Profit is Not a Four-Letter Word


I have a confession to make. 

I’m a hippie.

I meditate. I like tofu. I practice yoga. I even liked the Grateful Dead at one point in my life.

I have another confession to make.

I love money. 

I enjoy all the things that money allows me to do. To travel to the places I want to go. To grow my business with it. To make a big impact in the world.

For years I thought the two - being a hippie, and loving money - were irreconcilable, mutually exclusive. I thought money was evil, and that people with lots of money were inherently greedy.

And guess what? When I was a full-blown hippie, living in the mountains of BC, I was chronically poor. 


There’s a short exercise that I do in my social enterprise workshops. I ask my students to take out a sheet of paper and a pen, and I ask them to write down the first 3 things they immediately think of when I say the following word:


Then we go around the room and I ask them to read what they wrote down. A few answers like ‘exchange’ and ‘value’ and 'opportunity' usually make it on the list, but invariably the most common responses are words like ‘evil’, ‘corrupting’, ‘greed’, ‘immoral’.

I point out to them that money on its own carries no moral characteristics - it is simply a flow or exchange of value.

I also point out - to these roomfuls of passionate entrepreneurs, wide-eyed and eager to change the world, that if your inherent belief about money is that it’s evil and corrupting, then it’s going to be very difficult to attract much of it to your life. It’s hard to attract that which your subconscious is pushing away!

And finally, I point out that it’s extremely difficult to change the world as a pauper. 

For some people, this is a seminal shift, and reframing their relationship with money often has profound effects on their financial success. 


It wasn’t until I moved to Toronto and developed, after some significant personal work, a healthier relationship with money, and a desire to have more of it in my life, that I started to see the success with my business that I craved.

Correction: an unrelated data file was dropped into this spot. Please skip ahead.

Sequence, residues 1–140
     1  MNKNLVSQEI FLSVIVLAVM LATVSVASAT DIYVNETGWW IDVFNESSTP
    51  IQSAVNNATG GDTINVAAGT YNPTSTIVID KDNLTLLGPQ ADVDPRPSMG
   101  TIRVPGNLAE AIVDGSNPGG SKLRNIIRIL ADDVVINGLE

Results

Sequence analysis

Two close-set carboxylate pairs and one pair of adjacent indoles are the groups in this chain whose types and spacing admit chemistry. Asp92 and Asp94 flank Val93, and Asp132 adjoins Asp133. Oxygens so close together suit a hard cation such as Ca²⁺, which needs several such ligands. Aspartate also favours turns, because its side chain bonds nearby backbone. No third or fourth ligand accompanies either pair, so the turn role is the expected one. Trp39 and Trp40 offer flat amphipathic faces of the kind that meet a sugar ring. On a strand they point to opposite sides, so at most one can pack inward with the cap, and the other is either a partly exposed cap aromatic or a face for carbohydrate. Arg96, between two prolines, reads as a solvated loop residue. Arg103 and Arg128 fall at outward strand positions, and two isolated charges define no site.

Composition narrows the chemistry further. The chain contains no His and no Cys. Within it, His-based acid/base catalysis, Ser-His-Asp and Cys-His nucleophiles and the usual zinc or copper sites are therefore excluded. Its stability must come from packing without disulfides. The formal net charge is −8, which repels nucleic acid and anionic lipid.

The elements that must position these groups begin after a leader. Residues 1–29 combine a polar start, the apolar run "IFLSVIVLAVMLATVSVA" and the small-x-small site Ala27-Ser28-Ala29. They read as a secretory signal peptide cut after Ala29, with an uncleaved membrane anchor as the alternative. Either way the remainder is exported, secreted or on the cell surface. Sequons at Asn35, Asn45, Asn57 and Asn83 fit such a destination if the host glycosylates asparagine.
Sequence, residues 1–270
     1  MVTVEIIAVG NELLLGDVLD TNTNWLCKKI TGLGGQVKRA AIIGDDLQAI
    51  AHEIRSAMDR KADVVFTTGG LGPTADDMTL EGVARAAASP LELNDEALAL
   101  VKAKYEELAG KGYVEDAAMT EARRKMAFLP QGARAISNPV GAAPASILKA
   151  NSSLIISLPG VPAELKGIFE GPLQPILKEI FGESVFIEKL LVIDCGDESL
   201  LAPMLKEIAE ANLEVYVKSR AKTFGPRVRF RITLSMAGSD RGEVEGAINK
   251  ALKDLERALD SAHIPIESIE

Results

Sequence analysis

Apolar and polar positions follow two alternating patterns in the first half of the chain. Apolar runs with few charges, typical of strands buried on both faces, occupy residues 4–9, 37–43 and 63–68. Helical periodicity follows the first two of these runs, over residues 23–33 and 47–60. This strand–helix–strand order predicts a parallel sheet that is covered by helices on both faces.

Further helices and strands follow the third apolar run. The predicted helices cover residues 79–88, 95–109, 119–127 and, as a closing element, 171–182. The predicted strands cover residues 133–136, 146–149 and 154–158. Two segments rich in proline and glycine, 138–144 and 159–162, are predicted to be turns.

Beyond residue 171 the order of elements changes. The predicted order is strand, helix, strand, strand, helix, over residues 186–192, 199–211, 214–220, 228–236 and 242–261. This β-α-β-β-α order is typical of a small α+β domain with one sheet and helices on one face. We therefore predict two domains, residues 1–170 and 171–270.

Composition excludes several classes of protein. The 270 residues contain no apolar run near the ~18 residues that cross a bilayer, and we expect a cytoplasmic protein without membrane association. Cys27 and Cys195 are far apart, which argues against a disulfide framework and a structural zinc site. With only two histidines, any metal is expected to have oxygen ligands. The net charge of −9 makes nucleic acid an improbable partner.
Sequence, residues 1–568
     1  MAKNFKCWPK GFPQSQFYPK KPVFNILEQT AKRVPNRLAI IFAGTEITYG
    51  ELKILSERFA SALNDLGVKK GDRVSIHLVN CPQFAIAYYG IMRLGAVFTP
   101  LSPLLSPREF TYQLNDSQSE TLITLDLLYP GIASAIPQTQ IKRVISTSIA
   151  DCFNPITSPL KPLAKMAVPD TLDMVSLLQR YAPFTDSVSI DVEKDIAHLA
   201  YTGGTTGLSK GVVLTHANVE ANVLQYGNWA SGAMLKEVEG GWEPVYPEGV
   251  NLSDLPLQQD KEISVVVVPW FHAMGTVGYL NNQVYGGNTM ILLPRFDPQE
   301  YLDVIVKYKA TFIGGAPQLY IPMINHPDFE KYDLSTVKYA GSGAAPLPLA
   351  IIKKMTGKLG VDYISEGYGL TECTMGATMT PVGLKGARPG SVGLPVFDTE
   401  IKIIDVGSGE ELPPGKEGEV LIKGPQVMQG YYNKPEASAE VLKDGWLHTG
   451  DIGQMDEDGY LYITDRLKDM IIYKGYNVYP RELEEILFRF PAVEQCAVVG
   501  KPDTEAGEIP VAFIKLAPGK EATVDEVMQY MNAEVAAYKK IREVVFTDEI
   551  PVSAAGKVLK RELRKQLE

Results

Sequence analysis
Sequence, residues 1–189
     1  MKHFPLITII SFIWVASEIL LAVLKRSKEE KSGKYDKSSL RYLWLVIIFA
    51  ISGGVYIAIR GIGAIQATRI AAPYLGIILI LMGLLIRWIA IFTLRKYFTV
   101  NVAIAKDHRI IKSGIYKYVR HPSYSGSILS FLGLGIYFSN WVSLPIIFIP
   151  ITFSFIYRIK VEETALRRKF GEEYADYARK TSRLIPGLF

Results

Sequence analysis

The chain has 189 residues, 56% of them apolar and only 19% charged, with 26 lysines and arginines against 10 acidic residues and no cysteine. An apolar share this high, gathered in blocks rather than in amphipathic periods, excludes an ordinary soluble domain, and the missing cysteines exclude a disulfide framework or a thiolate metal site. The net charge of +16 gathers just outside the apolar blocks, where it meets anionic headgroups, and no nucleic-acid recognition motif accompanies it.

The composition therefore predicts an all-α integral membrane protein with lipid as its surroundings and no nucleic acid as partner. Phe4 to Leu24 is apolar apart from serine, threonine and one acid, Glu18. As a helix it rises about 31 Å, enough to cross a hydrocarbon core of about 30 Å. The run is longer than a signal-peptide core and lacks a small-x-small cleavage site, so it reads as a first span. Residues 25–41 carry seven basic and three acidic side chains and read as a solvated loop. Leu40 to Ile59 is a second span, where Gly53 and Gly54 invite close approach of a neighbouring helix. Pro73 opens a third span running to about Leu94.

I realized, after that soul-searching, that if I truly wanted to make an impact in the world, I could not do so on any significant scale with an attitude that regarded money as evil. If I wanted to make a big impact on the world, then the more money I had, the bigger impact I could make. 

Bill Gates is one of the richest men in the world. He’s also one of the world’s biggest philanthropists. Through the Bill and Melinda Gates Foundation, he’s tackling some of the world’s biggest problems, on a scale that’s almost unimaginable. On malaria prevention and resarch alone, for instance, the foundation has spent over $1.2 billion USD. 

Of course, I recognize that seeking money simply for the sake of having more of it can have a corrupting influence. The pursuit of money becomes the inherent goal, rather than the pursuit of it as a means of achieving other goals. 

But in the world of social entrepreneurship that I inhabit, among the entrepreneurs that I encounter on a regular basis I rarely see the kind of drive for financial success that I see in the 'non-social' enterprise sector.

I attend many entrepreneurship events and belong to several entrepreneurship groups. There I see entrepreneurs hungry for success, entrepreneurs who recognize that the bottom line is the most important measure of their success - an organization that makes healthy profits can grow, can scale, and can impact more customers. 

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I would describe very few of these entrepreneurs as greedy - they are driven to make their companies succeed. They're driven by passion for an idea and recognize that the best way to see that idea spread is to build a highly profitable enterprise.

Applied to the social enterprise sector, that same profit drive, would, in my humble opinion, be transformative. It's why I urge social entrepreneurs to address their business model first, then build out their 'social' model. An ideal social business is one that seeks to maximize profit in order to further its social goals.


I urge you to ask yourself 'What is my relationship to money? What are my beliefs around money? How do my feelings about money guide my financial and life decisions?'

Give these questions serious reflection. Often self-limiting beliefs around money - and its cousin, profit - stand in the way of our financial success. 

If you truly are serious about wanting to change the world, then you're doing the world, and yourself, a disservice by subconsciously repelling money. 

Guide yourself to a new understanding of money as a flow or exchange of value. Money creates value according to where and how it's applied. If you believe in the nobility of your intentions, then give the pursuit of money importance in your life. You'll make the world - and yourself - richer for it.

What is your relationship to money and profit? Let me know in the comments below!

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